Federal Contractors Pay Secrecy Policies and Actions: Effective January 11, 2016, the U.S. Department of Labor’s Office of Federal Contract Compliance Programs (OFCCP) under Executive Order 13665 (which amends Executive Order 11246) announced a Notice of Proposed Rulemaking (NPRM) to prohibit pay secrecy policies and actions by covered Federal contractors and subcontractors.   Federal contractors are prohibited from discharging or discriminating in any other way against employees or applicants who inquire about, discuss, or disclose their own compensation or the compensation of another employee or applicant.

Proposed Rule Changes to the Fair Labor Standards Act:  On July 6, 2015, the U.S. Department of Labor (DOL) issued a Notice of Proposed Rule Making in which it announced a proposed rule that would increase the minimum salary required for a worker to be classified as exempt from overtime under the Fair Labor Standards Act (FLSA). Under the proposed rule, the minimum salary level required for the overtime exemption would increase from $455 per week or $23,660 per year, to $970 per week or $50,440 per year. Additional proposed rule changes include a new minimum total annual compensation requirement for qualification as a highly compensated employee under the FLSA and a newly established mechanism for annually updating the minimum salary and compensation levels for exempt employees. Comments to the proposed rule changes were accepted by the DOL through September 4, 2015. Final regulations have not yet been published but are expected to be issued sometime in 2016.

Pregnant Workers Fairness Act (PWFA):  The Equal Employment Opportunities Commission (EEOC) has had a top priority over the past two years of enforcing the rights of pregnant workers.  It is believe that the PWFA will become law in 2016 as it is already before congress.

The PWFA is expected to establish new guidelines which are designed to protect the rights of expectant parents. It is expected to mandate employers to make accommodations for the realities which arise from pregnancy, childbirth and associated medical conditions. The ultimate goal is to ensure that employees are no longer put in a position where they have to choose between pregnancy and a job.

WageWatch offers accurate, up-to-date HR metrics, benefit survey data, market compensation data and salary reports that will allow you to stay current with the times. This information is highly beneficial in creating the best salary and benefits packages that meet or rival the industry standards. The PeerMark™ Wage Survey is the only Web-based custom survey tool that allows individual survey participants to select their competitive set for comparison purposes.  Our experienced compensation consultants can assist with your organization’s compensation needs.  We can help you ensure internal equity and compliance with regulations as well as help you structure your compensation programs to support your company’s business strategy and objectives.   For more information on our services, including consulting, salary survey data, benefit survey data and market compensation reports, please call WageWatch at 888-330-9243 or contact us online.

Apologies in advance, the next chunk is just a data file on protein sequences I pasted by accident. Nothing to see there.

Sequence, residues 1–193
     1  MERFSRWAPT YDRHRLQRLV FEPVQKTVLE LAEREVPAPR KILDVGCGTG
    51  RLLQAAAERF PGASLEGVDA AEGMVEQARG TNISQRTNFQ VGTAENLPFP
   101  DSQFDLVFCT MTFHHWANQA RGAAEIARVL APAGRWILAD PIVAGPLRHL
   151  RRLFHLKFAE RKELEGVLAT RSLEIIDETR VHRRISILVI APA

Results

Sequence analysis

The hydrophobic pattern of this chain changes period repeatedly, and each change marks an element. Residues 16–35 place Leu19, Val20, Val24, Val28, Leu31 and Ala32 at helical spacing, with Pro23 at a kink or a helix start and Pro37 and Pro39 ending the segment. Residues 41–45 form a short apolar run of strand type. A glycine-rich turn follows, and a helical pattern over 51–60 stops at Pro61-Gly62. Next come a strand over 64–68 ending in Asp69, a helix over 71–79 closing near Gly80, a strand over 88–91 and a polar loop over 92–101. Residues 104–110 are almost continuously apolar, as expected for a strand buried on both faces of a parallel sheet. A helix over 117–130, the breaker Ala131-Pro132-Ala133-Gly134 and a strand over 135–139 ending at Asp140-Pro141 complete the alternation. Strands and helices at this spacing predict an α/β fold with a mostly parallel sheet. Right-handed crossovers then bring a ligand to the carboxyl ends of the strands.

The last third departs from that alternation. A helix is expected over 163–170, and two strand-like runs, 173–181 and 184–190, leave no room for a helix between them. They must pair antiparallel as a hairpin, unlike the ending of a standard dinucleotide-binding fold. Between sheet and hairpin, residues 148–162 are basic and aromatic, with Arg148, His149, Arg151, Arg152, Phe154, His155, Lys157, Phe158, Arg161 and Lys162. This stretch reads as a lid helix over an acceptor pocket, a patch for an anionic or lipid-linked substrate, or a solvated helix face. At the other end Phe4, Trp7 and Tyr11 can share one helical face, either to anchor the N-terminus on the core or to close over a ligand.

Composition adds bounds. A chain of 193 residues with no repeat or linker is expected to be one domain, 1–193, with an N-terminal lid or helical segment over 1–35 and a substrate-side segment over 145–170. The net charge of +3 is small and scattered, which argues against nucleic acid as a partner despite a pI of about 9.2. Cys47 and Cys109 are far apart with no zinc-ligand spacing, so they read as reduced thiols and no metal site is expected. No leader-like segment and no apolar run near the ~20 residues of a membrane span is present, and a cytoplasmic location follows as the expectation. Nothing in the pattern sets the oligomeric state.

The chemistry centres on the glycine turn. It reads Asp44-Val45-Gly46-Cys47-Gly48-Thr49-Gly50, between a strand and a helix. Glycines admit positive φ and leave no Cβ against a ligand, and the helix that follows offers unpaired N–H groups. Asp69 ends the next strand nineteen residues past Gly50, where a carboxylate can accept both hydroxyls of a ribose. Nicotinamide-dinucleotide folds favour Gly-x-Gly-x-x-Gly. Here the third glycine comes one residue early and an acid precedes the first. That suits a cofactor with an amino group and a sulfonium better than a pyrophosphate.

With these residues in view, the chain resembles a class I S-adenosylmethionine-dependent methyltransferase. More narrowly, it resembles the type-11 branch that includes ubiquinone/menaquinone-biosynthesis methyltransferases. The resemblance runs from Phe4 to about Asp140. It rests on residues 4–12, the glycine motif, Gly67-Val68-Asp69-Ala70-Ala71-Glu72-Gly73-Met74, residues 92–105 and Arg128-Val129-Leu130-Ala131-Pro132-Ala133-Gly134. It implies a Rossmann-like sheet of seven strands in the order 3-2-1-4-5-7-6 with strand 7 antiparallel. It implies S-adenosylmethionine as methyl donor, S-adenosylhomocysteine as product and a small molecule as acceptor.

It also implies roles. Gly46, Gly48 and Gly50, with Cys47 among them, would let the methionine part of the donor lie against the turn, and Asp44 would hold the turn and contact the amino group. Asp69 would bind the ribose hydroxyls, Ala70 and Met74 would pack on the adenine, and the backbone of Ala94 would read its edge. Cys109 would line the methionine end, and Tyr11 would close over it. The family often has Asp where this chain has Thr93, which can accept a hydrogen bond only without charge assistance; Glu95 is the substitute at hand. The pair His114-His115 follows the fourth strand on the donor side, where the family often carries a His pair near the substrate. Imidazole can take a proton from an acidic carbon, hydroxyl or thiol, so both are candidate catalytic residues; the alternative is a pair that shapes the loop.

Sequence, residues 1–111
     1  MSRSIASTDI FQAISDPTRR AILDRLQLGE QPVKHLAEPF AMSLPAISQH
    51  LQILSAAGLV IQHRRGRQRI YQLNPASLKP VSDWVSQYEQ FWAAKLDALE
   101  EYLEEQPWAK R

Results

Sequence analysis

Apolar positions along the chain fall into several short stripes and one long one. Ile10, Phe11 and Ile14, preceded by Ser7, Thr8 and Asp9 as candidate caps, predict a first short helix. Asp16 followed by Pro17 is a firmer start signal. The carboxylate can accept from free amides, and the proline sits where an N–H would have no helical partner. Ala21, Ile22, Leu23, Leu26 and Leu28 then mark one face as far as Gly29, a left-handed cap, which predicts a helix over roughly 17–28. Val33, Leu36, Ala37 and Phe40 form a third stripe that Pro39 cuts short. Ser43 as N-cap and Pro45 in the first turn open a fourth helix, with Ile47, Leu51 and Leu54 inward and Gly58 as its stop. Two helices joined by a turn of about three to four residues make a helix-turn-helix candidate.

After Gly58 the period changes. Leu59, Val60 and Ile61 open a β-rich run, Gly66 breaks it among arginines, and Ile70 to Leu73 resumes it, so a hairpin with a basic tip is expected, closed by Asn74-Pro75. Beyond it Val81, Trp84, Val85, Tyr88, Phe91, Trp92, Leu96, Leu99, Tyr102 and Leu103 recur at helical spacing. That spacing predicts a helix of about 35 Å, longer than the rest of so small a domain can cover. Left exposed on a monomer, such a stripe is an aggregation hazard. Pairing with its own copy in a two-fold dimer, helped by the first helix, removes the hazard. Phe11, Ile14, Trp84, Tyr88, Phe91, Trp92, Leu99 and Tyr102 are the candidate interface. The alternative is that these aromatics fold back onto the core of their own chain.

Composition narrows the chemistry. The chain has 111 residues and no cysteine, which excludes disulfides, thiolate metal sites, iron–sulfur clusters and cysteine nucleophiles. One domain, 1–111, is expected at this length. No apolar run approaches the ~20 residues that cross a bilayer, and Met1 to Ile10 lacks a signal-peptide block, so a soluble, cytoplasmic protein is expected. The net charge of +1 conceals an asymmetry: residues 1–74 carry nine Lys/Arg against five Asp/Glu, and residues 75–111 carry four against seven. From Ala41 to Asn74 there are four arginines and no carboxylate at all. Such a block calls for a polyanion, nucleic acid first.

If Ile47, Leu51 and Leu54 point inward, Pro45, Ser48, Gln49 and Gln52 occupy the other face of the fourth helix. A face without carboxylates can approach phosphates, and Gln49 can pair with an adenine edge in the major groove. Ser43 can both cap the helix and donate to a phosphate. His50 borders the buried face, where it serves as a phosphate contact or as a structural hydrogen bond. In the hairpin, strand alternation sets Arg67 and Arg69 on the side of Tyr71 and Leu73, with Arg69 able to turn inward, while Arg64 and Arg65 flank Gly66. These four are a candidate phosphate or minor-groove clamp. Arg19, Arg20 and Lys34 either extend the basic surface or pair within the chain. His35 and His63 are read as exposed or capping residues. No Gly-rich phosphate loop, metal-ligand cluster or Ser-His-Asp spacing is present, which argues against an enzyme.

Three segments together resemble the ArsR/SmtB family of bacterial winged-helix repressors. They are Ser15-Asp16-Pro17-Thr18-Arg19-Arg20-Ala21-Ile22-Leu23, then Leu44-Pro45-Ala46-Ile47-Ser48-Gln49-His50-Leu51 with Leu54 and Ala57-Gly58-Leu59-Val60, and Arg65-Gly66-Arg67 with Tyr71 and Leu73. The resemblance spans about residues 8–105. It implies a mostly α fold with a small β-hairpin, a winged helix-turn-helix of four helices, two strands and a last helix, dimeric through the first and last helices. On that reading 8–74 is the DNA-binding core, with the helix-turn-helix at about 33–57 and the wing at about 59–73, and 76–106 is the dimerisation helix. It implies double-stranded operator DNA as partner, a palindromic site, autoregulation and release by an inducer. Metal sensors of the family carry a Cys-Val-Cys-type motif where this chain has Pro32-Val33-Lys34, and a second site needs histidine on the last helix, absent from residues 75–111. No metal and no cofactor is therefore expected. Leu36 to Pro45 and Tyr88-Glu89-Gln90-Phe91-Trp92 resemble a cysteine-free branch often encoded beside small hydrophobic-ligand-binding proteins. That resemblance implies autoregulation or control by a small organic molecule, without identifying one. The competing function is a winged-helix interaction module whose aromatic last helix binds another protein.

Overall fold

Posted in Uncategorized on February 17th, 2016 · Comments Off on 2016 HUMAN RESOURCE LEGAL LANDSCAPE

PAY COMPRESSION: CAUSES AND SOLUTIONS

Pay compression is when either a subordinate’s base pay is very close to or more than their supervisor’s or when a less tenured employee is equal to or paid more than a senior employee in the same position.  One of the most common causes of pay compression is when pay increases for current employees are low, but new employees are paid a higher salary to attract them.  This problem becomes more severe in economic downturns when pay increases are limited but it occurs even in better economic times.  Pay compression is most evident in pay systems where lower level jobs, either through union contracts or other market forces, create a situation where first-line supervisors are paid less, on an hourly basis, than their subordinates.

When the job market is weak, many organizations hire people who had already done the same work for another organization, eliminating the need for training. Rather than hiring people with high potential and developing them for the long term, they have opted for people who can “hit the ground running,” regardless of their potential.

When salary compression and the policies that enable it are sustained over several years, it can be demoralizing and lead to widespread employee dissatisfaction. Employers should be concerned, because salary compression can transform compensation from a motivator into a de-motivator.

Salary compression may be accompanied by pay inequities which could violate equal pay regulations. In situations where newer staff earn more than experienced staff, it could create a pay equity problem if the experienced staff are a protected class.

There are steps that can limit the detrimental effects of salary compression. For instance, when a new job opens, organizations should try to promote someone from within, rather than hiring from the outside. Many organizations have policies that limit how high within a range new hires can be paid.  When new hires are brought in at higher salaries or when across the board increases are given due to market movement or minimum wage increase, have a policy that requires internal equity analysis and adjustments.